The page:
I racked my brain trying to get these filters to work properly until I figured out a much easier solution. Thanks to the extension "Block yourself from Google Analytics" (Firefox and Chrome), I can simply block the Javascript file provided by Google.

While this isn't a perfect solution since these extensions can't be installed on mobile, you can at least be sure not to ruin your data while you're working on the site via laptop or PC.

Google Analytics Beginners Tip #3 - Understanding bounce rate (and getting useful data)

So, you've got a site. You're getting visits, but your bounce rate is ridiculously high. This isn't actually as bad as you think it is.

Let me explain how Bounce Rate & Session Duration work:

  • A user is considered to "bounce" when they land on your site and leave without visiting another page or section of your site.
  • Session duration starts being recorded when the user first visits your site; the total duration is the time between that first interaction and the user visiting another page.

You might be thinking these two are very arbitrary, and you would be right. They're a hangover really, from a time where websites were not nearly as dynamic as they are now.

If you have a single page site, a blog, or any site heavily reliant upon React (or any other modern JS frameworks), it's likely that these stats will be fairly terrible, and probably not representative of how people use your site.

But if you have a blog, business website, multi-page portfolio or company site, you'll want to be checking Bounce Rate and Session Duration. Just remember that a lot of things factor into these, such as how long the page takes to load on someone's device or if the person simply finds the content they wanted on the page they landed on.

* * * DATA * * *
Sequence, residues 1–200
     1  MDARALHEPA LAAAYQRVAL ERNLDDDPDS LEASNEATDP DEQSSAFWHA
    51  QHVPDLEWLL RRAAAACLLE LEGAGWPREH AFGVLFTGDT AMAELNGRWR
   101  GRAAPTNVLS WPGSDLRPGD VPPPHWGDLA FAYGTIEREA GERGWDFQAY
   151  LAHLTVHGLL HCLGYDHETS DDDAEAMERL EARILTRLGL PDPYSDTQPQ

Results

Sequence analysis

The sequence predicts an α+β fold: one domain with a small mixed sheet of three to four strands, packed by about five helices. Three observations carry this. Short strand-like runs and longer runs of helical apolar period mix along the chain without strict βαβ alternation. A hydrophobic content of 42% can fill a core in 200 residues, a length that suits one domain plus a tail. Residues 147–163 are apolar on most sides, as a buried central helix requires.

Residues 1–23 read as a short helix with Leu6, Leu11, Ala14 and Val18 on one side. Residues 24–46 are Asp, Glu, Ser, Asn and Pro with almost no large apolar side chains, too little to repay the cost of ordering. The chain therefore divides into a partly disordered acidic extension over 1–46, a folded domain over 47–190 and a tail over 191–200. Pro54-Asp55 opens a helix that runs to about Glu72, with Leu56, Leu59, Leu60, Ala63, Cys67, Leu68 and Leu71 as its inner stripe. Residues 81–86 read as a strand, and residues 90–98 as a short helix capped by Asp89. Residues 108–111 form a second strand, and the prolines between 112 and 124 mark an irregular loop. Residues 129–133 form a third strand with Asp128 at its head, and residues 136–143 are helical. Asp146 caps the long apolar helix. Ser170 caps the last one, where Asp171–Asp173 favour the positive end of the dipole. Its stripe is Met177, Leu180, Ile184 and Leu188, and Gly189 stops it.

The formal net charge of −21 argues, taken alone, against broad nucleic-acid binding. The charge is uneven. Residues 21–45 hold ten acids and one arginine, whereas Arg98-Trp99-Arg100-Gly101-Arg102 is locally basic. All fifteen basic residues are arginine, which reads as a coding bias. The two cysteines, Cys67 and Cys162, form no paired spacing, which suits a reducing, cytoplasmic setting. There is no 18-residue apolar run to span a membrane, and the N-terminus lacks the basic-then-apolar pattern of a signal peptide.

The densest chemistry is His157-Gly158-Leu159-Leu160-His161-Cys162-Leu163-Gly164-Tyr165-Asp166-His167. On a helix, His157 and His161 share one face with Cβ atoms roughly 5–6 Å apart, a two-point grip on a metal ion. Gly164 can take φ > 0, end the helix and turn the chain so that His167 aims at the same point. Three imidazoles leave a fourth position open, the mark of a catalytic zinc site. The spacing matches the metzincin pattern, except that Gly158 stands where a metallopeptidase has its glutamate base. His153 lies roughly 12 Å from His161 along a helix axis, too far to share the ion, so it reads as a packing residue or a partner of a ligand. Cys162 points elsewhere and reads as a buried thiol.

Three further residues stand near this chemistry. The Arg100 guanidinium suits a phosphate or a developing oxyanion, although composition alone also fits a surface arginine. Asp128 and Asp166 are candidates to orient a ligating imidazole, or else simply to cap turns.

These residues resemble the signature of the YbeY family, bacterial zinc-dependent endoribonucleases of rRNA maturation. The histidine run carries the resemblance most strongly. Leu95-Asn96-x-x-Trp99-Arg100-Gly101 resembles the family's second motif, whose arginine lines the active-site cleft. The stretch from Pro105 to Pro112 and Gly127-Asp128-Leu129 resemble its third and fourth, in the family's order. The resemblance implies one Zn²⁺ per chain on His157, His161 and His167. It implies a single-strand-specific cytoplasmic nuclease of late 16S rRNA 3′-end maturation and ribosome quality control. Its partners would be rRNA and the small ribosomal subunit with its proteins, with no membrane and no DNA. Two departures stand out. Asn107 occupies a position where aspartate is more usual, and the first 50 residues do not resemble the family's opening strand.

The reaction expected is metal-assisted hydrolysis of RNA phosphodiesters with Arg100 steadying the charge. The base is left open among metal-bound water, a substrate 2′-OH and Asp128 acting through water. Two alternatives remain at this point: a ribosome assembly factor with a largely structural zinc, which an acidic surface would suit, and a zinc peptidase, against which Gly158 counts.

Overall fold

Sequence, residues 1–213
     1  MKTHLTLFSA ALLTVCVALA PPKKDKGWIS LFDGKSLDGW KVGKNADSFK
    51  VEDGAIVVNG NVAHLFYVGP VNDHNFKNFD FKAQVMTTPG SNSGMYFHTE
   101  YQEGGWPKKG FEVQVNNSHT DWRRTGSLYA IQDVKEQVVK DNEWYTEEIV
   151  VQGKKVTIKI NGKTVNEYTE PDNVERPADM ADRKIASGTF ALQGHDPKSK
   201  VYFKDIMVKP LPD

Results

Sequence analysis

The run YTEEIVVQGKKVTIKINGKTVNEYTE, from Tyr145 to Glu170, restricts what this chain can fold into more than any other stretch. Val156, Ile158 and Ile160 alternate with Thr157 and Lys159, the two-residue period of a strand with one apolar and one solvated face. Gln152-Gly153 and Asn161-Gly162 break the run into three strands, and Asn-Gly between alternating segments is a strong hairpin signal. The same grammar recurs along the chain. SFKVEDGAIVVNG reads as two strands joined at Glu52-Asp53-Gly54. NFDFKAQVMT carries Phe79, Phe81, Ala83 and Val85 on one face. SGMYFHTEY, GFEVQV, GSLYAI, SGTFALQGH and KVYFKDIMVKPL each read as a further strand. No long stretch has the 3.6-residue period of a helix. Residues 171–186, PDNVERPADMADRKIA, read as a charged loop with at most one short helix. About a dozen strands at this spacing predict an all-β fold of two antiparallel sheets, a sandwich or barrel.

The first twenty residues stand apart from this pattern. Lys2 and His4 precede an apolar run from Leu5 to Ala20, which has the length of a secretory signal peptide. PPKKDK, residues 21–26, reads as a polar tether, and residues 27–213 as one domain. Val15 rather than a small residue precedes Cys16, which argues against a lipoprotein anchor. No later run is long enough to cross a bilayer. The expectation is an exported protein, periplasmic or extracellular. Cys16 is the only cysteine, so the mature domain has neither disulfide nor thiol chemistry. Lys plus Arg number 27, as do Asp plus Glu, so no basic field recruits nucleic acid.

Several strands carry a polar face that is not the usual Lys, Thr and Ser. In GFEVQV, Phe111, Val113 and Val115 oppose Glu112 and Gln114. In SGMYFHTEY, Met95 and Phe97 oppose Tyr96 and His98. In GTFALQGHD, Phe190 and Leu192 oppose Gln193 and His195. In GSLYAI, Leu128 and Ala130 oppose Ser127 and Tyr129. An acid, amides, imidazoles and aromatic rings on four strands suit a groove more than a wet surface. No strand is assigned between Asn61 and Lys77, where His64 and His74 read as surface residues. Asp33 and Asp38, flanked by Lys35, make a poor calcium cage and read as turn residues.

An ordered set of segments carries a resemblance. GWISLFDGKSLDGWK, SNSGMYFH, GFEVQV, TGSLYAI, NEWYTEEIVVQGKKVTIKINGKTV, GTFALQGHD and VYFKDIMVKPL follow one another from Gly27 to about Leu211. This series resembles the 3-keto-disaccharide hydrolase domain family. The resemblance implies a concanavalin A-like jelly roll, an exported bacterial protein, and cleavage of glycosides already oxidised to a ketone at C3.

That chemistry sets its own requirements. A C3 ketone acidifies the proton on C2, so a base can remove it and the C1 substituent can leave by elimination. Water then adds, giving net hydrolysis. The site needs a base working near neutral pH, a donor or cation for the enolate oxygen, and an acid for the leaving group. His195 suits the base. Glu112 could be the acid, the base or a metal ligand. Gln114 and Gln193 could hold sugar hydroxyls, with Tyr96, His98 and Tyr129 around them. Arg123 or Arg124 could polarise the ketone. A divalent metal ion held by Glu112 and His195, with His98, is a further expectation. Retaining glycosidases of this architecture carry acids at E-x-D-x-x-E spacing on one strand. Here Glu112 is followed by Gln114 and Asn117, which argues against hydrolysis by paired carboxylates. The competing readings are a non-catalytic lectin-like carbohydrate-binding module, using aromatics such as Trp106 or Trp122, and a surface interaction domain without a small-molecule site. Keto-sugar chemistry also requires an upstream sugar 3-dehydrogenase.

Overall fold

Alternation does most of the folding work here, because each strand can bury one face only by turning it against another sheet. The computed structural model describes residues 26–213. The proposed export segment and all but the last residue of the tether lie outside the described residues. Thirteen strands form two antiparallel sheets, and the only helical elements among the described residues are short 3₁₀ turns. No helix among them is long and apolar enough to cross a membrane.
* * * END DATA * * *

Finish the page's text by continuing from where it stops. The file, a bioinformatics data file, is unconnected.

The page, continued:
Getting useful data

If, like us, you're running a blog, there's not a lot you can do to lower bounce rate before you have a fairly big amount of content published. So how do you know if people are ACTUALLY reading what you write?

That's very easy: Scroll Tracking

If you set it up to do so, Google allows you to actually see how far down your page people are scrolling, per page, per user. It's a fantastic feature that can make you realise a couple of things:

  1. Are people interested in your content?
  2. Are people finding what they need on your page?

There a lot of written guides on how to set this up, and they're all fairly complex or missing very vital information. I suggest you follow this video by Loves Data to implement it.

Scroll tracking stats can be reassuring. For example, maybe your bounce rate is high, but most people who stay on your page, scroll down through your whole article.

So do it!

Google Analytics Beginners Tip #4 - Recording pageviews in React

I was completely unaware of this until a couple of weeks ago, but if you run a React (or angular or vue) app, having a router that changes your URL on click is not enough.

I'm not going to go into detail in case you have no idea what I'm talking about, but essentially when using these frameworks you don't actually move to a different page. You just unload and load more content on the current page you're on.

This means that Google will not track any pageviews. If you're using React I suggest you install something along the lines of react-ga, and then call this function every time your URL changes:



These tips should help get you up and running as you begin to explore Google Analytics. Google Analytics is a massive tool and it's very likely you will still get lost in it a fair bit within its sea of pointless data, but this is a good start to understanding it a bit more.

If you'd like another blog post on this subject, watch this space. I'm sure to make another one as I continue to learn more about analytics in the future!